Asked today about his upcoming free agency, Raptors point guard Kyle Lowry mentioned a number of factors that he’ll consider as he makes his decision, writes Doug Smith of The Toronto Star. Lowry cited family considerations as one important factor, along with “money” and “years,” as well as his desire to win more championships (Twitter link via Josh Lewenberg of TSN.ca).
Perhaps most interestingly, Lowry suggested his future may be tied in part to that of president of basketball operations Masai Ujiri, who is the Raptors’ other key free agent this summer: “I told him this, the only reason I’m still here is because of him. Part of the reason I re-signed here twice is because of him. That is a large part of why I am able to be who I am and gotten to this point.”
Based on Lowry’s comments about prioritizing family and competing for titles, Eric Koreen of The Athletic believes the six-time All-Star is probably more likely to join a new team than to return to the Raptors. However, Lowry also hinted that he may have unfinished business with his current club after a disappointing 2020/21 season spent away from Toronto.
“It does play a factor in it because I enjoy the challenge of people counting me out, counting the team out,” Lowry said. “I enjoy that competitive nature, and I wanna challenge myself and see what I can continue to help do and build. But a lot of things will be factored into this summer and this free agency. The unfinished business thing is part of it, a little bit.”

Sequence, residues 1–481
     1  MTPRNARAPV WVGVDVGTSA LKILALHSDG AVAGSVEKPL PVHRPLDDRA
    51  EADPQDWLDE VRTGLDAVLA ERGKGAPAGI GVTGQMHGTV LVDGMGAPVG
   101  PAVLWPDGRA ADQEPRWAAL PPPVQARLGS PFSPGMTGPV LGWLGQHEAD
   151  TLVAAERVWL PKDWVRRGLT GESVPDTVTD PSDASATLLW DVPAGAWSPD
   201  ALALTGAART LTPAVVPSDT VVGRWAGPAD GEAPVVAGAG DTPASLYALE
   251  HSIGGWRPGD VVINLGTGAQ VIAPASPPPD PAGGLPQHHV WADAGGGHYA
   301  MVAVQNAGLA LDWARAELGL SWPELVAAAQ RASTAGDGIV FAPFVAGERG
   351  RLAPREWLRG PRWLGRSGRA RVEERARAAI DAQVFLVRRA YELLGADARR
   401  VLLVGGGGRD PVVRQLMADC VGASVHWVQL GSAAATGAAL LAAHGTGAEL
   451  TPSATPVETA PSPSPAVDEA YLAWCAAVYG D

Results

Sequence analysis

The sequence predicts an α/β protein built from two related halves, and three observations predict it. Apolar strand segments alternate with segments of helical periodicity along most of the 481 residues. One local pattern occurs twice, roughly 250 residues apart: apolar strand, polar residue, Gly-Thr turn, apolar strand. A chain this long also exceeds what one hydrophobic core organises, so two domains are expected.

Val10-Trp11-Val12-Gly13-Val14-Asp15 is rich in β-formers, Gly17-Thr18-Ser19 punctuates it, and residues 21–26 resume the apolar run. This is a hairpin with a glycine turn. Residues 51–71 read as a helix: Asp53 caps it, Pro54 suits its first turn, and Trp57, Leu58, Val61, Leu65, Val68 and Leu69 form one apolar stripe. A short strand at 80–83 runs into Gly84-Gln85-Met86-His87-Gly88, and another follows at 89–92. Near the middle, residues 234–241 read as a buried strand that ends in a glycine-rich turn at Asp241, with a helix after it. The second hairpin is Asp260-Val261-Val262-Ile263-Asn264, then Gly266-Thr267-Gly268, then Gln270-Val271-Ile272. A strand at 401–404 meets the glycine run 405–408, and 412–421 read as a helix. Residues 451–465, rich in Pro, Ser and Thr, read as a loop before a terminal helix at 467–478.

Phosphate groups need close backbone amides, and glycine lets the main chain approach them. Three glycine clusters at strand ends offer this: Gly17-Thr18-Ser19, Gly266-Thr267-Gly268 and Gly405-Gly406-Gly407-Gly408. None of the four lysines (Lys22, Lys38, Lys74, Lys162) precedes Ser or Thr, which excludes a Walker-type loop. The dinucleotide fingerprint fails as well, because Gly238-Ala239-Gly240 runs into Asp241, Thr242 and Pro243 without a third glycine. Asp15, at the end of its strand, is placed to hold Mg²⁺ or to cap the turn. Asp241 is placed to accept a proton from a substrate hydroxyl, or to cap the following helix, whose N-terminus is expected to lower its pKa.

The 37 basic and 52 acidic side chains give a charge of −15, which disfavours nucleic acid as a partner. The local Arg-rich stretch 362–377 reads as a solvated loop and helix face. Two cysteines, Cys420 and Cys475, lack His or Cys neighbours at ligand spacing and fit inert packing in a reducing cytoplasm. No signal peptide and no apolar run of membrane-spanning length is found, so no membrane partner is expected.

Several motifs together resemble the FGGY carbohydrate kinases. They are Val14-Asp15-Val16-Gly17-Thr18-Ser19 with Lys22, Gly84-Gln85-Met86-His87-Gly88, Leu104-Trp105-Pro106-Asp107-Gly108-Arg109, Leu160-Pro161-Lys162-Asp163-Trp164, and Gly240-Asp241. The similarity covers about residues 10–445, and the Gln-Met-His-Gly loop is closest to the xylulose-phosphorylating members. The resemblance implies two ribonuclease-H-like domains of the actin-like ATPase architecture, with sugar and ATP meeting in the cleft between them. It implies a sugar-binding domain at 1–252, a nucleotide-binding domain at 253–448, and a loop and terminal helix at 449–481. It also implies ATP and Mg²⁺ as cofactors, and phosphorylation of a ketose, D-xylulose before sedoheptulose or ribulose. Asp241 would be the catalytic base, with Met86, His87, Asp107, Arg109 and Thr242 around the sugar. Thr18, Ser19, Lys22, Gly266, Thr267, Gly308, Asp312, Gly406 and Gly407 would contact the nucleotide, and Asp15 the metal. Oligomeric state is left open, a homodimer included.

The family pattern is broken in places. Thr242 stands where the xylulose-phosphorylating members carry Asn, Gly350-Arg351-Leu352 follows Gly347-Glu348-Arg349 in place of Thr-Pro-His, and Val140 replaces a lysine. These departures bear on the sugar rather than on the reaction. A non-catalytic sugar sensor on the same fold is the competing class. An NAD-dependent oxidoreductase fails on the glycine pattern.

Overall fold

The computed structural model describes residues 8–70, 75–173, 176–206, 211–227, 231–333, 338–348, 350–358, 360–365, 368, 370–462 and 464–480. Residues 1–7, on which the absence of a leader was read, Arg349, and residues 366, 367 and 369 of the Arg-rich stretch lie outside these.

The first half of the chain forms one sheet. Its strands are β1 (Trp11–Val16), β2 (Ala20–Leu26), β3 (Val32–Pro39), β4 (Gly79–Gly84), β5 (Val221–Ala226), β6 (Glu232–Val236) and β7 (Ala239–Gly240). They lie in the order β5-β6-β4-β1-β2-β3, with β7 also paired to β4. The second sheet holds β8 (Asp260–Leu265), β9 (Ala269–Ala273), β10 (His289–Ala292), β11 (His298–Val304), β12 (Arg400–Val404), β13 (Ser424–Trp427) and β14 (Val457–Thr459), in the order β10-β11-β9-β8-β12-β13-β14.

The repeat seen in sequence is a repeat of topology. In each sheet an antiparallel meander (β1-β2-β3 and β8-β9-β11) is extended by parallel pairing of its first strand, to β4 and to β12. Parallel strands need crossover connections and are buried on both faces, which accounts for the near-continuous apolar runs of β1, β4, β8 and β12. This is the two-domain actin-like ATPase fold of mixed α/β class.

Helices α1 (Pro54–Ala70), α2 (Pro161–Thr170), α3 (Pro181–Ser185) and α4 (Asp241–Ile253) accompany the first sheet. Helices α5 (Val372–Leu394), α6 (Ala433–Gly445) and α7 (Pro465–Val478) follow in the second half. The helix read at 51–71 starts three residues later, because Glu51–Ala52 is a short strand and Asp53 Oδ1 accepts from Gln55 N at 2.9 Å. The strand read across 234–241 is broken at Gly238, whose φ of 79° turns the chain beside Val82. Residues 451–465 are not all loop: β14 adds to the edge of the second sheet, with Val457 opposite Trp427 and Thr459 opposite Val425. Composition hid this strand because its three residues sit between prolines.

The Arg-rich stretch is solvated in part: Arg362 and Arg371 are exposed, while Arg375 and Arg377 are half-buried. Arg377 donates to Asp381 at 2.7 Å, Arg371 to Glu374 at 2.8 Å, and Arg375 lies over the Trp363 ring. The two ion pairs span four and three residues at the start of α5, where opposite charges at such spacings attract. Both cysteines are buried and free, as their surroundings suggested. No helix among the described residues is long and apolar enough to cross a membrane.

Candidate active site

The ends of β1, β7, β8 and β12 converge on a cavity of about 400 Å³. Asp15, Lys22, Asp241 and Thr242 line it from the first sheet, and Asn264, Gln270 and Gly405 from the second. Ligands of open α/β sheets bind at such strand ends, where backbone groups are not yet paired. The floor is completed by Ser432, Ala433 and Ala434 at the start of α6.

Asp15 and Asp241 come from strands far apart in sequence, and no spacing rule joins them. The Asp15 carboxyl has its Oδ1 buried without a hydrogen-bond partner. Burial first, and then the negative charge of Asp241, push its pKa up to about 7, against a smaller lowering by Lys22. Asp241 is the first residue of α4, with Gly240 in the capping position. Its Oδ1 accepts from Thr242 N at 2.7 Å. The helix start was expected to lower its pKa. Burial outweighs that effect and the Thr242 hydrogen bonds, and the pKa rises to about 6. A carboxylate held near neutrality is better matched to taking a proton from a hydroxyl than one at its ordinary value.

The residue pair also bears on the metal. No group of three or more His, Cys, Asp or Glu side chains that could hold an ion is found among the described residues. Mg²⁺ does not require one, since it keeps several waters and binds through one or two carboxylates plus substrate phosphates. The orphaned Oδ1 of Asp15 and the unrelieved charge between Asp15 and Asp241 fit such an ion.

Here’s more from around the Atlantic:
- There has been an expectation that Mike James‘ stint with the Nets will be temporary, since he remains under contract with EuroLeague powerhouse CSKA Moscow through 2022/23. However, international reporter Chema de Lucas tweets that James may try to stay in the NBA beyond this season, and Aris Barkas of Eurohoops.com suggests CSKA Moscow would be open to that idea if they can save some money and keep James away from their European rivals.
- When Joel Embiid suffered a knee injury on March 12 that was later diagnosed as a bone bruise, he initially feared that it would be a season-ender, he tells ESPN’s Ramona Shelburne, who published an in-depth feature on the Sixers center. “As soon as I fell, the first thing that I’m thinking is: ‘My season is over,'” Embiid said. Having avoided a major injury such as an ACL tear, the big man returned to action just three weeks later, on April 3.
- Loosened restrictions on gathering in New York mean that the Knicks and Nets are in position to significantly increase their arena capacities for the postseason, as Steve Popper of Newsday details.